“Apple has made its first attempt to quantify how many American jobs can be credited to the sale of its iPads and other products, a group that includes the Apple engineers who design the devices and the drivers who deliver them — even the people who build the trucks that get them there” wrote the NYT.
On Friday, the company published the results of a study it commissioned saying that it had “created or supported” 514,000 American jobs. The study is an effort to show that Apple’s benefit to the American job market goes far beyond the 47,000 people it directly employs here…
This all starts when the NYT asks why aren’t iPhones assembled in the U.S.?
The answer: need for flexibility, not labor costs.
The NYT: When Barack Obama joined Silicon Valley’s top luminaries for dinner in California last February, each guest was asked to come with a question for the president.
But as Steven P. Jobs of Apple spoke, President Obama interrupted with an inquiry of his own: what would it take to make iPhones in the United States?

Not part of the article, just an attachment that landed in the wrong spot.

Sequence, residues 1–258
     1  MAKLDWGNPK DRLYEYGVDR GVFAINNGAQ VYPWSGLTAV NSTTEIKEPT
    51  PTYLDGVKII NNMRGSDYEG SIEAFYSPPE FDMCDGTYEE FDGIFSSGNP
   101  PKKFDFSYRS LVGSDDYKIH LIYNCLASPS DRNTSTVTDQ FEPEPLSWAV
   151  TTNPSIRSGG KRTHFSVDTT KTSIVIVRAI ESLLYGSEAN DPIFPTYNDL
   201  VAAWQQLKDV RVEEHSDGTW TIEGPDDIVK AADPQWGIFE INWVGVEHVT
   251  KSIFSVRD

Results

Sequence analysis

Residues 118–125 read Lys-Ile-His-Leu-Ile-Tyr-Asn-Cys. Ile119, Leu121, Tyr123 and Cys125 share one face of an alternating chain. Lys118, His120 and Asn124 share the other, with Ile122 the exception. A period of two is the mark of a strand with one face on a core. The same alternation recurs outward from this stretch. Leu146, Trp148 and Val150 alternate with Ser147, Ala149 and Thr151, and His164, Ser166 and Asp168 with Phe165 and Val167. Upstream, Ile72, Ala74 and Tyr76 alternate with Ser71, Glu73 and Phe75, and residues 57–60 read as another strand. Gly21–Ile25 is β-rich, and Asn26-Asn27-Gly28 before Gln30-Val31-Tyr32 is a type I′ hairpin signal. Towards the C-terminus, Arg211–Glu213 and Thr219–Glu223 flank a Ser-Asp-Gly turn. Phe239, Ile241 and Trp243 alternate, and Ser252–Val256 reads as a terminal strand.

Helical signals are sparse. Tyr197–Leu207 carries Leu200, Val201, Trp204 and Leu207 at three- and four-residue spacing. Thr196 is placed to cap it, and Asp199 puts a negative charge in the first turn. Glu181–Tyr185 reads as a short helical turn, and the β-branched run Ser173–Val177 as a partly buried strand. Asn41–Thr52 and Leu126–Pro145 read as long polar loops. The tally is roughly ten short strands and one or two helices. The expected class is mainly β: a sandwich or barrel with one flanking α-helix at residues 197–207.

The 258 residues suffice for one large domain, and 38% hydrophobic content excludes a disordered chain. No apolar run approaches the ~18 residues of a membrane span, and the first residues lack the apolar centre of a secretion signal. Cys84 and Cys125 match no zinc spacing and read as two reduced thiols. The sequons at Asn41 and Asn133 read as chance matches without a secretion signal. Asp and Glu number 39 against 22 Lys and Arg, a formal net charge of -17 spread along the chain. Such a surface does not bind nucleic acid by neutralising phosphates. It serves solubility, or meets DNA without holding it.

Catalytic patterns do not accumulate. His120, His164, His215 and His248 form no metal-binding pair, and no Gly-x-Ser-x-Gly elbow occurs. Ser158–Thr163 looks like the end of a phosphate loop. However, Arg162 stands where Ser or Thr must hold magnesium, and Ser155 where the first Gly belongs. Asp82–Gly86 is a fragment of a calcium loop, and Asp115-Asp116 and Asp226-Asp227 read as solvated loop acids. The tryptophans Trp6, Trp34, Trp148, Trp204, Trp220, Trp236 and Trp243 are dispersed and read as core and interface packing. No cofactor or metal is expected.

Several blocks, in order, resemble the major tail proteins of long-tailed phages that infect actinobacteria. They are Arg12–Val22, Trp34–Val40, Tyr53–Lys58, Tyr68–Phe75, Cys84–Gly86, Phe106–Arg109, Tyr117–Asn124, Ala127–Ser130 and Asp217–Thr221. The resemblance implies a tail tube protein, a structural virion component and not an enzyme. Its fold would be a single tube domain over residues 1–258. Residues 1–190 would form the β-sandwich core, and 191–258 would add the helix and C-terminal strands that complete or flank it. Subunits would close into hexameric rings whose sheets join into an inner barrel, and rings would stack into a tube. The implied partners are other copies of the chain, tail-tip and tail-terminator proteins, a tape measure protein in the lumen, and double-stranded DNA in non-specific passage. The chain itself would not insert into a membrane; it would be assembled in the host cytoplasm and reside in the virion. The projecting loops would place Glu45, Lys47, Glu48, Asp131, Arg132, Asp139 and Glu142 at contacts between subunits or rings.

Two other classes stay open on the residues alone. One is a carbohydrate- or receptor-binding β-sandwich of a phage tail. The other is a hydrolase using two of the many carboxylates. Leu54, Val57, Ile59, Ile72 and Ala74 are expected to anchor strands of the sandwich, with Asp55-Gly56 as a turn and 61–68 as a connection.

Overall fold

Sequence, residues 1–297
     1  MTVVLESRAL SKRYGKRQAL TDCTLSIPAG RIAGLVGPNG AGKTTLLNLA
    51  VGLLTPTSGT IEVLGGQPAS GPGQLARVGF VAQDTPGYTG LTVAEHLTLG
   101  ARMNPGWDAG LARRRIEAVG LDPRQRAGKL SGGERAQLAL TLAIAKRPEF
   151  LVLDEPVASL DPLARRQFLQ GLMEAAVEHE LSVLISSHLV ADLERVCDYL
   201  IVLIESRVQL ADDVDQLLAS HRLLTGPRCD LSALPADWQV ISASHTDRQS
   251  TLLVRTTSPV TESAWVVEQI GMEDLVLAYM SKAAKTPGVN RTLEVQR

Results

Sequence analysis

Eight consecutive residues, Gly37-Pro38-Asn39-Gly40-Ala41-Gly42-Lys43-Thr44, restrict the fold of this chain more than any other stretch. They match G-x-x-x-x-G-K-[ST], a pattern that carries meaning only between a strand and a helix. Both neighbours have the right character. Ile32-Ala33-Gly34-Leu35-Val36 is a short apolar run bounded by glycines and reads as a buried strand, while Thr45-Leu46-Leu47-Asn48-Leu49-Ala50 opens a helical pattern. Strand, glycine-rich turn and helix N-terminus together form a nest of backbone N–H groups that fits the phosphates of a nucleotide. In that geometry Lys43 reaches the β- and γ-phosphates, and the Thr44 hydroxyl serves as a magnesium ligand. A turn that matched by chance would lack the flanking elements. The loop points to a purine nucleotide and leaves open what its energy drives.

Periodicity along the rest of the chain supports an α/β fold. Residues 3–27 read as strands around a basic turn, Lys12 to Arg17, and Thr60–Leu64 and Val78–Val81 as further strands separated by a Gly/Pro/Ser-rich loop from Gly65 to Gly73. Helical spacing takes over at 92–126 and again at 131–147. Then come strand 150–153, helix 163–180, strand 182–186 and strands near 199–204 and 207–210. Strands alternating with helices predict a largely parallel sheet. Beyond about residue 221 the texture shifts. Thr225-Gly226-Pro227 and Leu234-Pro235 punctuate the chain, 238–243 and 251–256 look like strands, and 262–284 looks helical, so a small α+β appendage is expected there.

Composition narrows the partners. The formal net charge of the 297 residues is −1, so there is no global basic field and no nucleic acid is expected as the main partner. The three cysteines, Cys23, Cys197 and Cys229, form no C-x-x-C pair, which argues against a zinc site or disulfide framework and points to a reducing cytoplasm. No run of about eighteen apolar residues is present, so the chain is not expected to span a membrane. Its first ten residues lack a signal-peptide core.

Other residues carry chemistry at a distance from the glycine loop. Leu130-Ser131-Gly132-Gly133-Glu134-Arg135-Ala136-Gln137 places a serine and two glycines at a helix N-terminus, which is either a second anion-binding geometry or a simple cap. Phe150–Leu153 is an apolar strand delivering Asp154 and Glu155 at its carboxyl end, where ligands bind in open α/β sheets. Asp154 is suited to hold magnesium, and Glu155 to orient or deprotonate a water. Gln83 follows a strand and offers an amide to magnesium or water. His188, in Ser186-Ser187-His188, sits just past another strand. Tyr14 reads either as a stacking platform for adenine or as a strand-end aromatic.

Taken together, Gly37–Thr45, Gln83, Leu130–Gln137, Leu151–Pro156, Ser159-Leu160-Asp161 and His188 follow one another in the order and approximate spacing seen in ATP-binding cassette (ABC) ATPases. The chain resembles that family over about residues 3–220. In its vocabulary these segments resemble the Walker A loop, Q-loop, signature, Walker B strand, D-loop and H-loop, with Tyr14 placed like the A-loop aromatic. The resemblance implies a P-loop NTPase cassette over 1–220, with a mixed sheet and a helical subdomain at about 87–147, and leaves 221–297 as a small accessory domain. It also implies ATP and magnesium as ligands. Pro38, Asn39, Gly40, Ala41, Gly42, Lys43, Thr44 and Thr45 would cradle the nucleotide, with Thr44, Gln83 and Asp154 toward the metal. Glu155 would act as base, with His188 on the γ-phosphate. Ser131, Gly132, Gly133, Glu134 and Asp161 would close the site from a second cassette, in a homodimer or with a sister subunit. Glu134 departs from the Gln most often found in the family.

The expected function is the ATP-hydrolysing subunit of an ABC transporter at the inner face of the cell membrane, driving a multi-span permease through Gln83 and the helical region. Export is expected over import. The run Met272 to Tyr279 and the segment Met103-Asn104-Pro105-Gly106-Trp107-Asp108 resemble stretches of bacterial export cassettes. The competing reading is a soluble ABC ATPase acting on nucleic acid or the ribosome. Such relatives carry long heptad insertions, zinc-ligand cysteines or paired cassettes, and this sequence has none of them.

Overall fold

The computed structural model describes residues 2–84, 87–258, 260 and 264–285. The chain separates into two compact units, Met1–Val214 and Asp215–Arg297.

Not long ago, Apple boasted that its products were made in America. Today, few are. Almost all of the 70 million iPhones, 30 million iPads and 59 million other products Apple sold last year were manufactured overseas.
Why can’t that work come home? Mr. Obama asked.
Mr. Jobs’s reply was unambiguous. “Those jobs aren’t coming back,” he said, according to another dinner guest…
One former executive described how the company relied upon a Chinese factory to revamp iPhone manufacturing just weeks before the device was due on shelves. Apple had redesigned the iPhone’s screen at the last minute, forcing an assembly line overhaul. New screens began arriving at the plant near midnight.
A foreman immediately roused 8,000 workers inside the company’s dormitories, according to the executive. Each employee was given a biscuit and a cup of tea, guided to a workstation and within half an hour started a 12-hour shift fitting glass screens into beveled frames. Within 96 hours, the plant was producing over 10,000 iPhones a day…
- Source: NYT